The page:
“We’ve got to continue to raise the bar on what we’re doing and local land-use planning decisions have to be part of that discussion,” he said.

California’s population has doubled since 1970 to nearly 40 million, pushing urban sprawl into mountain subdivisions, areas home to fast-burning grasslands and along scenic canyons and ridgetops that are susceptible to fires. After a crippling drought, the last two years have seen the worst fires in state history. November’s fire in the northern California town of Paradise was the deadliest U.S. wildfire in a century, killing at least 85 people and destroying nearly 14,000 homes.

A year earlier, a fire that ripped through the San Francisco Bay Area city of Santa Rosa killed 22 people and destroyed more than 5,000 homes and other structures.

Every year since at least 2013, firefighters did not anticipate California’s wildfires could get worse, Pimlott said. But each year the fires have increased in intensity — driven by dry fuels, an estimated 129 million drought- and bark beetle-killed trees, and climate change.

In response, the state is doing more planned burning to eliminate brush and dead trees that serve as fuels for wildfires. The state will also add seven large firefighting aircraft, replace a dozen aging helicopters, provide firefighter counseling and ensure that firefighters have enough time off for medical checkups to help them manage the mental and physical stress from a fire season that now never ends.

He said California leads the nation in clearing away dead trees and thinning forested areas that are crowded with trees that can fuel fires, contrary to criticism by President Donald Trump who has blamed forest mismanagement for the fires.

“No other state, or even the federal government, are putting the amount of investment into this space as California,” Pimlott said.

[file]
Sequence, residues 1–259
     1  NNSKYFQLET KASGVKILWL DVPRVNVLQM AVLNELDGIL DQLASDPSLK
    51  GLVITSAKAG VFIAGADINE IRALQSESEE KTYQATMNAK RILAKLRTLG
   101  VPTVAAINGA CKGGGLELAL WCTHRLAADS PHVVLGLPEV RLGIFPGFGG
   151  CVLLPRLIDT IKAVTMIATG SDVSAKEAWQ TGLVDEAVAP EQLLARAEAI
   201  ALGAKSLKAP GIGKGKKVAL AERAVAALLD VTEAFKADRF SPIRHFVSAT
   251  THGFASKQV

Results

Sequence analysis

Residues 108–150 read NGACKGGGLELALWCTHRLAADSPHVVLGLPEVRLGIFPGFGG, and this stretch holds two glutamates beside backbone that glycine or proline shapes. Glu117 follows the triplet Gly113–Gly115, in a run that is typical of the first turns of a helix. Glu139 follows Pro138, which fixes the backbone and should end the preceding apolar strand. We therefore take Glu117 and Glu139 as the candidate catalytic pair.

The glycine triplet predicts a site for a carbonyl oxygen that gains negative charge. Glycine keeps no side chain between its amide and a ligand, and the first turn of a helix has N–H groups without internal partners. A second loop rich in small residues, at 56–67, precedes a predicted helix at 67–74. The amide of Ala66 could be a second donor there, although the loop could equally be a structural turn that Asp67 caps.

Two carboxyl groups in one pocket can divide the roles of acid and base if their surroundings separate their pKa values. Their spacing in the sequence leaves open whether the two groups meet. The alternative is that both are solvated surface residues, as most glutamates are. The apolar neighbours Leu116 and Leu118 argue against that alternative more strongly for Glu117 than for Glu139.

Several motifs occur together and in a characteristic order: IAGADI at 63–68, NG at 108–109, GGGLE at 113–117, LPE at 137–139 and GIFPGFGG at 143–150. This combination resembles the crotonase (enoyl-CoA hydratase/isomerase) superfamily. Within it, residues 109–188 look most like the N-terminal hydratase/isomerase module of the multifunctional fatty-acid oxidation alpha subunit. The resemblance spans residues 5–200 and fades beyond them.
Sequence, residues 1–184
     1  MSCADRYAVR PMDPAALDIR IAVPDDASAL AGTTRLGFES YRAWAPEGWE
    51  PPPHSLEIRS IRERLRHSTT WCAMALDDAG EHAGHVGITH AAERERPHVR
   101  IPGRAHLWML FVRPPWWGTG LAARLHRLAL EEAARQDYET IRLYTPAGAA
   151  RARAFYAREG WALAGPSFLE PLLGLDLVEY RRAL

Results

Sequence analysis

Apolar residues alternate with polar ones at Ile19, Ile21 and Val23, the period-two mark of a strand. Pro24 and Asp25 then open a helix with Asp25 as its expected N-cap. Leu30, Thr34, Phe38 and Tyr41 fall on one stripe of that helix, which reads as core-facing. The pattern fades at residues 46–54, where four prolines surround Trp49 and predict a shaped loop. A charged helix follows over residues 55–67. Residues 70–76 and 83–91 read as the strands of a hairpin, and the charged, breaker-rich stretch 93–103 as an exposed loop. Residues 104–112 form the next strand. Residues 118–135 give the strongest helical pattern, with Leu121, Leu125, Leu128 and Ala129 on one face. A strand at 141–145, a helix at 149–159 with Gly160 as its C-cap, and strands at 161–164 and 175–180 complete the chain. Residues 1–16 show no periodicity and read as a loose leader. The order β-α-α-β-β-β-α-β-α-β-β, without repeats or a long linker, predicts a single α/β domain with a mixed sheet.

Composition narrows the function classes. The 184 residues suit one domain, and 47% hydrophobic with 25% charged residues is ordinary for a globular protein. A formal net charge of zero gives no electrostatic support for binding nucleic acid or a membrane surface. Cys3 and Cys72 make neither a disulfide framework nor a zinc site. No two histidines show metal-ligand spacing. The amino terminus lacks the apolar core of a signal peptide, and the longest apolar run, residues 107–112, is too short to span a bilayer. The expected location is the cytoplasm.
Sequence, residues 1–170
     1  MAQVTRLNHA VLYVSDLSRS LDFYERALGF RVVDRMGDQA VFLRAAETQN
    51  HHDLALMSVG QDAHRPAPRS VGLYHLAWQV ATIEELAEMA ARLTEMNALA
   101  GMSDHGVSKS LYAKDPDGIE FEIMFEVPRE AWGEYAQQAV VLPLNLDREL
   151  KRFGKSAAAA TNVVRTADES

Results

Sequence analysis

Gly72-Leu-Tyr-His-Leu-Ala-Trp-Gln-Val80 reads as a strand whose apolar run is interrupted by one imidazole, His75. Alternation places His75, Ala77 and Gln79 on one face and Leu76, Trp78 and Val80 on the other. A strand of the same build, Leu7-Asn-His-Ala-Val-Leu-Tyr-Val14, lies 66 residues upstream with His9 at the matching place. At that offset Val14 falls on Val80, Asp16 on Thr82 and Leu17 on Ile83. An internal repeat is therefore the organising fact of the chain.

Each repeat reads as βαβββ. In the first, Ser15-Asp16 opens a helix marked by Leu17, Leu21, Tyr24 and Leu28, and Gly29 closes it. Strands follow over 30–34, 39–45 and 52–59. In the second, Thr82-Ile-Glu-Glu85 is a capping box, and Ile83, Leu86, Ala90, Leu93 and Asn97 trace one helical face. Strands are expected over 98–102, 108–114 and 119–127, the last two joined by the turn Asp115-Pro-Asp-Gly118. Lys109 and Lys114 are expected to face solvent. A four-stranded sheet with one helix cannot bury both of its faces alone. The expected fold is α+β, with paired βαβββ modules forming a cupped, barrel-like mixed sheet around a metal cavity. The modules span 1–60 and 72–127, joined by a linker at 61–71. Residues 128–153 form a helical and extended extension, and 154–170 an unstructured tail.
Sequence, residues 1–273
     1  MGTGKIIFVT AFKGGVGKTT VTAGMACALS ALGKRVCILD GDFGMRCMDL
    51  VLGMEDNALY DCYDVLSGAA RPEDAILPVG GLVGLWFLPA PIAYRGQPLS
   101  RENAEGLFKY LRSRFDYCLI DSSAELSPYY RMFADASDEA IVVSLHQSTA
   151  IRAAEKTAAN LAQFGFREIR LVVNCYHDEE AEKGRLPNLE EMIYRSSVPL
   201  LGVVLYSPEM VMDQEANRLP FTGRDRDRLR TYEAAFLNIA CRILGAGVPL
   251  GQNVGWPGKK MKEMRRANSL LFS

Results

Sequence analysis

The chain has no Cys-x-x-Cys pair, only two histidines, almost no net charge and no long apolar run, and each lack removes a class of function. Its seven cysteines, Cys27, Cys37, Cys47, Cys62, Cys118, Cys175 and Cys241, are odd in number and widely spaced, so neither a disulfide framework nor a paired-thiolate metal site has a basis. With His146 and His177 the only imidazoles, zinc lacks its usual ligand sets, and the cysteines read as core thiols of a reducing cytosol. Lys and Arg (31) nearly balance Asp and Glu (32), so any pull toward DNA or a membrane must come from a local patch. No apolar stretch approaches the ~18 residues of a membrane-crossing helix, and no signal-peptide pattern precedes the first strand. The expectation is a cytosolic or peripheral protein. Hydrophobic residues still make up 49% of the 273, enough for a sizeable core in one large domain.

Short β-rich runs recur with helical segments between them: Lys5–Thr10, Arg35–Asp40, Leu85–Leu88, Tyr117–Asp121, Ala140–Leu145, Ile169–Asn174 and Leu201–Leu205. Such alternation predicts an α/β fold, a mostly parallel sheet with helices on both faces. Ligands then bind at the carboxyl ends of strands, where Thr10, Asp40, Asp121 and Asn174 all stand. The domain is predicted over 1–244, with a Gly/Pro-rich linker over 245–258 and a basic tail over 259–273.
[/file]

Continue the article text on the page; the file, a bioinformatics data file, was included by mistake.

Pimlot had previously addressed the president’s comments in an interview with KPIX 5 back in October.

Pimlott was diplomatic in his response, but he clearly disagreed.


“Well, certainly when I heard them…they’re puzzling,” said Pimlott. “But just to be frank, they’re uninformed and couldn’t be further from the truth. There is so much going on in California.”

Pimlott also spoke to the claim that the state is not managing its forest land:

“A billion dollars over the next five years will be spent on direct engagement of projects on the ground,” explained Pimlott. “And looking at California, over half of the forest land in California is federal land. Our national forests. So when we’re talking about the landscape, it’s as much if not more of a federal responsibility as it is state or private.”

When asked if President Trump had ever spoken with him or anyone from Cal Fire, Pimlott confirmed that he had not.

“President Trump has not directly engaged our agency,” said Pimlott. “Vice President Pence made a personal visit to California on behalf of the administration and thanked Cal Fire and all of the responding agencies for the fall fire siege. I have not spoken with the President.”

The department’s philosophy for many years has been to stamp out fires quickly to protect people and property. Prescribed burns were previously used sparingly out of concern they could get out of control, but he said the department is making “a sea change” by recognizing that starting fires under optimum conditions is a good way to reduce dangerous fuels.

Recent fires that have burned into cities have made clear that those protections need to be centered around vulnerable communities, he said. Paradise, for example, was built on a ridge atop steep canyons that helped channel the wind-driven fire, while wildfires have repeated blown into Northern and Southern California subdivisions from neighboring wildlands thick with tinder-dry fuel.

Pimlott rose through the ranks from seasonal firefighter to deputy director of fire protection before his appointment as chief of the agency. In that role he doubles as the state’s chief forester and oversees a department that includes nearly 8,000 firefighters, forest managers and support staff.

He said he has seen fire conditions worsen each passing year during his three decades with the agency, taking its toll on residents and firefighters alike.

“Folks can say what they want to say, but firefighters are living climate change. It’s staring them in the face every day,” he said.